Area of Law: Criminal Law
Answer Number: 768
Possession of a narcoticRegion: Ontario Answer Number: 768
The federal Controlled Drugs and Substances Act lists all illegal drugs, including marijuana, heroin, cocaine, amphetamines, and hashish. It is illegal to knowingly have any of these drugs in your possession at any time, even if they do not belong to you.
What is considered possession?
Under the law, the Crown prosecutor must prove certain things before you can be found guilty of possession. First, the Crown prosecutor must prove that you had physical custody of the drug, which means that the drug was somewhere on your body, or in a place that you control. For example, your home or your car are places that you control. Second, the Crown prosecutor must prove that you knew the substance was an illegal drug.
Trial procedures for possession
Possession is a hybrid offence, which means that the Crown prosecutor will decide whether to treat your case less seriously, as a summary conviction offence, or more seriously, as an indictable offence. Although the Crown prosecutor’s decision will depend on many factors, generally, if it is the first time you have been charged with possession and you only had a small quantity of drugs, your case will be treated as a summary conviction offence.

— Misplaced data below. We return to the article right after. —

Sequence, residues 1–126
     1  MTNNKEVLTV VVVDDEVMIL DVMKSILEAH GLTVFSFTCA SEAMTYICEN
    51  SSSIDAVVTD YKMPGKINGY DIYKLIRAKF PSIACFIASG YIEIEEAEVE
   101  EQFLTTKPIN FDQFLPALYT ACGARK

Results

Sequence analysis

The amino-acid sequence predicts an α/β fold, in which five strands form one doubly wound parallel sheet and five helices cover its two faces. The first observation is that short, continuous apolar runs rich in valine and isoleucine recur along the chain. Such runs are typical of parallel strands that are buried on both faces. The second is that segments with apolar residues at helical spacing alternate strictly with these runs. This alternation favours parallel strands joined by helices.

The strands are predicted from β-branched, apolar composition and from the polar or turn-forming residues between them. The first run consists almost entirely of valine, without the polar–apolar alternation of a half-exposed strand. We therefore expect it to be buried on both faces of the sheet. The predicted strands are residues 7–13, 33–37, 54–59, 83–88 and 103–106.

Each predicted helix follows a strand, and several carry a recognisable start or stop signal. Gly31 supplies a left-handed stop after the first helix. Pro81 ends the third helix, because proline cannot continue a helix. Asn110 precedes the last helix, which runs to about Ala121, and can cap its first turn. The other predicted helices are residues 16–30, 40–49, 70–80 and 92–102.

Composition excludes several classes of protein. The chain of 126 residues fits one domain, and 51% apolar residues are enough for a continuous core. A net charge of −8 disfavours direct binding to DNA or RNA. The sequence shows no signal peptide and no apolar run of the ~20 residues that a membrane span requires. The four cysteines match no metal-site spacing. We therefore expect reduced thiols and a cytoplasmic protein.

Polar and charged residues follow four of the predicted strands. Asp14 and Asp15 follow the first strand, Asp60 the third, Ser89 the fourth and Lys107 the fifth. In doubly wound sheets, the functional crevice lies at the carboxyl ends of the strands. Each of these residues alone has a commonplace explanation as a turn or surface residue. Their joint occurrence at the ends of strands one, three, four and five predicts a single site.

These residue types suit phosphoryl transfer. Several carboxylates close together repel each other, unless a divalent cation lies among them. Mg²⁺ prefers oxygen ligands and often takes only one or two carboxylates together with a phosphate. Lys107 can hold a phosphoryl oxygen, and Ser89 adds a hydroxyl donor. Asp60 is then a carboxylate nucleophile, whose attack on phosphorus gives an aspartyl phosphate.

Penalties for possession
The Crown prosecutor’s choice will also affect the penalties that can be imposed if you are found guilty. For the summary conviction procedure, the maximum penalty for drug possession is a fine of $1,000 and six months in prison if it is your first offence. If it is not your first offence, the maximum penalty is a $2,000 fine and one year in prison. However, the penalties usually given by the court for first time offenders possessing “soft drugs” such as marijuana, range from a fine between $250 and $500 and probation.
For more serious drugs, such as cocaine or heroin, the Crown may seek a jail sentence even for first offenders. If the Crown prosecutor proceeds by indictment, the maximum penalty is seven years in prison.
Visit Canada’s Department of Justice for more information about criminal law and the justice system in Canada, or, view the Controlled Drugs and Substances Act to see information regarding specific drug related offences.
If you have been charged with possession of a narcotic, or any criminal offence, contact one of our preferred criminal law experts:
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